Also speaking at the Baale’s palace, another member of the group, Sheikh AbdulFatai Thanni, noted that unseen forces from within and outside the country are interested in breaking the country and Nigerians must not play into their hands.
“They tried it with Boko Haram in the North East, they failed, and they are presently trying it with banditry and kidnapping in the North West. They tried it in the East with IPOB, they are failing. They tried it with EndSARS in Lagos, their wish was to burn down Lagos in October, they failed. And going by the experience of the First Republic, these forces are aware that Ibadan is the most sensitive city in the South West. Once we allow their evil experiment to succeed and flourish in Ibadan, that will be the end of Nigeria. We should therefore not allow this to happen us in Yoruba land.
“Yorubas were arguably the most civilised nation before the advent of the colonial masters. It is not by error that the colonial masters prefered to settle in Yoruba land, ahead of other regions. It is because they found civilisation and civility here. Subsequently, all other tribes strive to get civilisation here.
“So, Yoruba is like sugar that attracts ants. Sugar should not get angry because it is natural for it to attract the ants. Only the recalcitrant ants should be gently removed without destroying the sugar. Therefore, Yorubas should not allow it’s land to be a battle ground by the destructive enemies,” Sheikh Thanni said.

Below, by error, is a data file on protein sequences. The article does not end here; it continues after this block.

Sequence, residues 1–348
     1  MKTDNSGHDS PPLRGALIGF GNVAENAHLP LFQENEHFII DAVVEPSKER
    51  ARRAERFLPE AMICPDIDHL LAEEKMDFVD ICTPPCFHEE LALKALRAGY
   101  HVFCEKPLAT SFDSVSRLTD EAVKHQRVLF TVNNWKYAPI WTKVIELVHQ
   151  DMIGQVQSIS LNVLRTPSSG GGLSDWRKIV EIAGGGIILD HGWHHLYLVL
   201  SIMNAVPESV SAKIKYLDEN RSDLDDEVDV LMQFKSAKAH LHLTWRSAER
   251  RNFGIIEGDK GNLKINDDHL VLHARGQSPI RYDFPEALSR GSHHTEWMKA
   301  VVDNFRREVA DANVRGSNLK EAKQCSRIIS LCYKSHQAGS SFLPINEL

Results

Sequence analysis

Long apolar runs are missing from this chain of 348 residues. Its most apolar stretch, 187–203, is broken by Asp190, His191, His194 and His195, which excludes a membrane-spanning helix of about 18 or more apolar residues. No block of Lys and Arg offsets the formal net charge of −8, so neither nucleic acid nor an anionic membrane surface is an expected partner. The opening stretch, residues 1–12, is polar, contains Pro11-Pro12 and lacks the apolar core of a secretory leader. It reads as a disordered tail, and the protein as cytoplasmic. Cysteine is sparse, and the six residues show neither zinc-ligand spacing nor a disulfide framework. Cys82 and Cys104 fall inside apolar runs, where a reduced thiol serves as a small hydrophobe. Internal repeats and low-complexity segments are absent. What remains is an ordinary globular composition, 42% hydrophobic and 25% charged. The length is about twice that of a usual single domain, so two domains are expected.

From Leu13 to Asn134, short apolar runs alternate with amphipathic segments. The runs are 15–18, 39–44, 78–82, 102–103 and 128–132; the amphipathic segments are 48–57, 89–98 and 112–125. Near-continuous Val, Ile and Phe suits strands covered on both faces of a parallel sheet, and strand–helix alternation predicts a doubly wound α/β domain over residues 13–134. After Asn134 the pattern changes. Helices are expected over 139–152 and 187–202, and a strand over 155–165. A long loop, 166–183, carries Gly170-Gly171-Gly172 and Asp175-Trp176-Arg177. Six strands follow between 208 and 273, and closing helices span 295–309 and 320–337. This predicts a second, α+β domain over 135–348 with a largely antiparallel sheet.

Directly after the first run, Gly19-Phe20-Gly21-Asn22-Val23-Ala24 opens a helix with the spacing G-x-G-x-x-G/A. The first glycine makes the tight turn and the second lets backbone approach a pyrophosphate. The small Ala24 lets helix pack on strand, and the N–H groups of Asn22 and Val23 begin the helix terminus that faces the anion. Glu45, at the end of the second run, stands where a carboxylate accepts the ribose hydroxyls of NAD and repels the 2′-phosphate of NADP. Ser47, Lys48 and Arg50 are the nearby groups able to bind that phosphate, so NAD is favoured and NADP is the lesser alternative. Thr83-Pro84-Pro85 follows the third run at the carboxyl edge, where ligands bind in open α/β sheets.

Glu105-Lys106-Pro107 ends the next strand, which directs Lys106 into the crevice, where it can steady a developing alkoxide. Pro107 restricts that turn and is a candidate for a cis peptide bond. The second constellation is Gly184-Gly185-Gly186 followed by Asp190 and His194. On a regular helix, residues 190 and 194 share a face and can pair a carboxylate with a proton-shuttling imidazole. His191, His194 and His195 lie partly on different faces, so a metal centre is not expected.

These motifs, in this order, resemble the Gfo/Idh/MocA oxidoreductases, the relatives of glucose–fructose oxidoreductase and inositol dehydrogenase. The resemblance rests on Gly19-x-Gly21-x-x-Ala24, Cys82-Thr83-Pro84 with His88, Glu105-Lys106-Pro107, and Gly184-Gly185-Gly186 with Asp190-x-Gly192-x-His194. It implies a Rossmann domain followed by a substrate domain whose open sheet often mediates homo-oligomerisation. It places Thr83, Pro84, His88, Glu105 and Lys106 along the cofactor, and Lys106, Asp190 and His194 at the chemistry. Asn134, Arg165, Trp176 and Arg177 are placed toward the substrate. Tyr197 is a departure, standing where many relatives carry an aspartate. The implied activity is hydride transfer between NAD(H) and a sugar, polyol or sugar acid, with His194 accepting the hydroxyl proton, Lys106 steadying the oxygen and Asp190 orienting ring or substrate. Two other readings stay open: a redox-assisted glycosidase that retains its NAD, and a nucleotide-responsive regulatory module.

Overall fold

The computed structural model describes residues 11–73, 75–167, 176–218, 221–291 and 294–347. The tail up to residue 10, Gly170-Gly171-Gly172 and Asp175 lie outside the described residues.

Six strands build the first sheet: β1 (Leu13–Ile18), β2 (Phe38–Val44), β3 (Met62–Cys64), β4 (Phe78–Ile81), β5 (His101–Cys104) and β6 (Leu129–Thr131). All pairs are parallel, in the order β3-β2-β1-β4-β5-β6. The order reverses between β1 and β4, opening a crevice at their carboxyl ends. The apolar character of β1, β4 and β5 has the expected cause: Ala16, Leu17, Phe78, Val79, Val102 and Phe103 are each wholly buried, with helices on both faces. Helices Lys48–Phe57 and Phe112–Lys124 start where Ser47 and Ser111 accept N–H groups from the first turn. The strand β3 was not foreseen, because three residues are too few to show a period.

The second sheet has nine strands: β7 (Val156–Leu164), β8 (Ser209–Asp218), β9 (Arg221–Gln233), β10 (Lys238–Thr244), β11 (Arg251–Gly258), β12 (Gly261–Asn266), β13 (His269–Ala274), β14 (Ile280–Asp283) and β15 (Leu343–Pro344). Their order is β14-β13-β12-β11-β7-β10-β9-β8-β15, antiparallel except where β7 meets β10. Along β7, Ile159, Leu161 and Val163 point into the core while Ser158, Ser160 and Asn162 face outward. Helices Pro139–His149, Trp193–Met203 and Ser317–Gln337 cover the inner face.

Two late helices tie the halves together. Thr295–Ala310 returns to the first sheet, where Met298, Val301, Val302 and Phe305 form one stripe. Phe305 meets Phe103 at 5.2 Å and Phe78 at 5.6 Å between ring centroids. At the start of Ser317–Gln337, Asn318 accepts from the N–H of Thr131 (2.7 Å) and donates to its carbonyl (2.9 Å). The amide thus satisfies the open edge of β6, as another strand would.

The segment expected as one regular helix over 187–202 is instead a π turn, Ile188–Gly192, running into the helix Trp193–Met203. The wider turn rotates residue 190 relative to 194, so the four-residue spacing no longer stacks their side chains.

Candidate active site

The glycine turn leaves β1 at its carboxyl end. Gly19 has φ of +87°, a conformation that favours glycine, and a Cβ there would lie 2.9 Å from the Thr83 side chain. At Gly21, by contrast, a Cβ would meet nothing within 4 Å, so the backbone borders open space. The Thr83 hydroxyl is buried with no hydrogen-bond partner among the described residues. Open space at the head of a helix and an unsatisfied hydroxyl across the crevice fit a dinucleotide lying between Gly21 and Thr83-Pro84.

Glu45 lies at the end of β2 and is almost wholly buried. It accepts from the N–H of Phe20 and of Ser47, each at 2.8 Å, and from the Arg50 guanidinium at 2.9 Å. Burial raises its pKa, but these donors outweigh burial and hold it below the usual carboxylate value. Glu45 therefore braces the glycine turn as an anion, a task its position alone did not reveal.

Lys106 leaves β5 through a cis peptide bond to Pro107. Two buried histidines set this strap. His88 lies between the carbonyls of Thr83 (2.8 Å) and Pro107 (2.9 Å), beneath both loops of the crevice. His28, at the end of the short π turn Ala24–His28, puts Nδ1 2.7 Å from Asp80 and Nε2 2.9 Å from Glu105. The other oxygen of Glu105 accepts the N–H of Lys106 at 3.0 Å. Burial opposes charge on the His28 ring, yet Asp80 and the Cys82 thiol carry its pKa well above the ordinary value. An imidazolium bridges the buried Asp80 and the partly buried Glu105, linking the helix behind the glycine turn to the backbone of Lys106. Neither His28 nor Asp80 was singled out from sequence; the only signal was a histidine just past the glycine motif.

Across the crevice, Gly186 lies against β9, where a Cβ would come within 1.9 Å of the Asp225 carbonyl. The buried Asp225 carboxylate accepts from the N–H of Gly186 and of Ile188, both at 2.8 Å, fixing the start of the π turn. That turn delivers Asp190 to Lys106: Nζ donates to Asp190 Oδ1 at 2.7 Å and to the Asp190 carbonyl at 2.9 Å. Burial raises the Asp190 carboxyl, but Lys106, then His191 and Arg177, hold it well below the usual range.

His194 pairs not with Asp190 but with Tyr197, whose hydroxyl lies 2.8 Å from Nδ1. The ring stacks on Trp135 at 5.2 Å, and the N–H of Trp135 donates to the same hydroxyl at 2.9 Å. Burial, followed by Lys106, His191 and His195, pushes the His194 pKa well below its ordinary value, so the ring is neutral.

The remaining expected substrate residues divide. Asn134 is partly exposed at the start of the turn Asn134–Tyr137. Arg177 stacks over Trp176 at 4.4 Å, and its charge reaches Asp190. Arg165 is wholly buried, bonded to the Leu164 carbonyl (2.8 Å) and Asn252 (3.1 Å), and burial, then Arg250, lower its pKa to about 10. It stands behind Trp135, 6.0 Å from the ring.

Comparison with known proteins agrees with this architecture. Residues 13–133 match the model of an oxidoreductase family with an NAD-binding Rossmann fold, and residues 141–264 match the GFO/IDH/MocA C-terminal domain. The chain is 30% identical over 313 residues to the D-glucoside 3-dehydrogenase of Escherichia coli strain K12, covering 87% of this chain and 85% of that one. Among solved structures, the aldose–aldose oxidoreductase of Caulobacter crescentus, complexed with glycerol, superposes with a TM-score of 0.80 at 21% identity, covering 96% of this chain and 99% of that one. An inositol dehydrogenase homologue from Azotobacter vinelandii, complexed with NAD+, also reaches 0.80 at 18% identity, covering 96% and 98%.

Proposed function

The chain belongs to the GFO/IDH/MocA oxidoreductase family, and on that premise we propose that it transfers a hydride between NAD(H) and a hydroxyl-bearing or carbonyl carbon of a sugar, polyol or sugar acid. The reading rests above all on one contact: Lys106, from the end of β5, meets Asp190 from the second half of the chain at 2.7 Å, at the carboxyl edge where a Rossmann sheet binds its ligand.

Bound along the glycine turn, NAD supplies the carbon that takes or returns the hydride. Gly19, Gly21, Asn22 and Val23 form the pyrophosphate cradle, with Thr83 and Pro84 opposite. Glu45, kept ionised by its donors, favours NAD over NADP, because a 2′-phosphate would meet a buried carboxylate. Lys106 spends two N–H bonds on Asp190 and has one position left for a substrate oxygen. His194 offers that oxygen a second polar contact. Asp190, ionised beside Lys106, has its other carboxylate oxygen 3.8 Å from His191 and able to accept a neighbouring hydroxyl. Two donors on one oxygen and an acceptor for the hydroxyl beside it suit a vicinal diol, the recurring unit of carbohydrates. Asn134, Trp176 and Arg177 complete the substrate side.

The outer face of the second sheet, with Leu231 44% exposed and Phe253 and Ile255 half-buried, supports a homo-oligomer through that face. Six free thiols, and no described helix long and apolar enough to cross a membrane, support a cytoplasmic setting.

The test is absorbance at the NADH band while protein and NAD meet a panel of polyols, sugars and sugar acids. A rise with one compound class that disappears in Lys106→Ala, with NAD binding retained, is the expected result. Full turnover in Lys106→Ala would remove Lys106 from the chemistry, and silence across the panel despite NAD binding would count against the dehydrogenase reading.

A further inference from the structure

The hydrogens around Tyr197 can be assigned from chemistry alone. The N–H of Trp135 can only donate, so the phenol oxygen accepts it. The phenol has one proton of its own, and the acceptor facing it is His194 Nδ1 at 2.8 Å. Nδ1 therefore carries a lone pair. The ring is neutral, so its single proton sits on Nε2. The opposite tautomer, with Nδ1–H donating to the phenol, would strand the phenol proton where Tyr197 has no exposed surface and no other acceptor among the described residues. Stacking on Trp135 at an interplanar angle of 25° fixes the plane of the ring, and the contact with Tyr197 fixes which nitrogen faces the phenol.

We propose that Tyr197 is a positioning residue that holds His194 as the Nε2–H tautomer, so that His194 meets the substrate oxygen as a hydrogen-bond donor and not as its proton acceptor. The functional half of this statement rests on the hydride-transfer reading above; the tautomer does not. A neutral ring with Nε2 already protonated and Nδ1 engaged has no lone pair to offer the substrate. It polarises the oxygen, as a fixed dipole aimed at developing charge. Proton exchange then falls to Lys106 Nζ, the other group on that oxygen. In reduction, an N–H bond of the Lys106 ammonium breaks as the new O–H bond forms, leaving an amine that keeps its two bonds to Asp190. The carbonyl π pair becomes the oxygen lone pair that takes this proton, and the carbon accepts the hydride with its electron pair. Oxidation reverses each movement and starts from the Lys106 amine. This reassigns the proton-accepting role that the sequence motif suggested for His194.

While addressing the Seriki, Thanni, who remarked that one of his wives is from Sokoto, said the only solution to the shenanigans of Shaytan (the Devil) is unity as typified by a statement: La ilaha illa Llahu (there is no god but Allah) – this is a statement of unity that unifies all mankind.
He then prayed that the market would not become history so that the livelihoods of the residents of the community are not hampered.
Responding, the Baale of Shasha Community, Chief Hamza Akinade, said the two tribes had agreed to sheathe swords and were ready to reopen the market.
He blamed the crisis which engulfed the market on greed, saying some mischief makers within both tribes were bent on destroying the market in order to get it relocated.
“The government and the leadership of both communities are on top of the situation and we are ready to embrace peace and live peacefully with our brothers from the North. We do not want the government to nurse the idea of relocating this market. We don’t want them to play politics with the market,” he said.
Addressing the delegation of the YWG, the Seriki of the Hausa community in Shasha, Mallam Haruna Mai Yasin, walked down the memory lane, narrating how how the site of the market was allocated to the Hausa community in 1979, a development meant to avoid frequent clashes between the two tribes at Oja’ba Market in Ibadan.
“With the approval of the relevant authorities – the Federal Government, state government, state House of Assembly and the local government authority, we were presented with two choices, between Ojoo and Shasa, but we chose Shasa for security reason and because Ojoo was too close to the highway. We then visited the late Baale Fijabi who also gave his blessings.
Whiile noting that leadership tussle might have fueled the crisis, Mai Yasin called on the Yoruba leaders to assist in cautioning their youths who he said often trample on the rights of the Northeners in the markets. He claimed that Yoruba youths hardly listen to their elders as they consistently harassed the Hausa youths who sell wares in the markets and on the streets
Both the Baale and the Seriki were, however, united in asking the goverment not to relocate the market as this would affect the livelihoods of the people. They demanded that the market be cleaned up and reopened for business, even if the goverment would later assist in rebuilding it.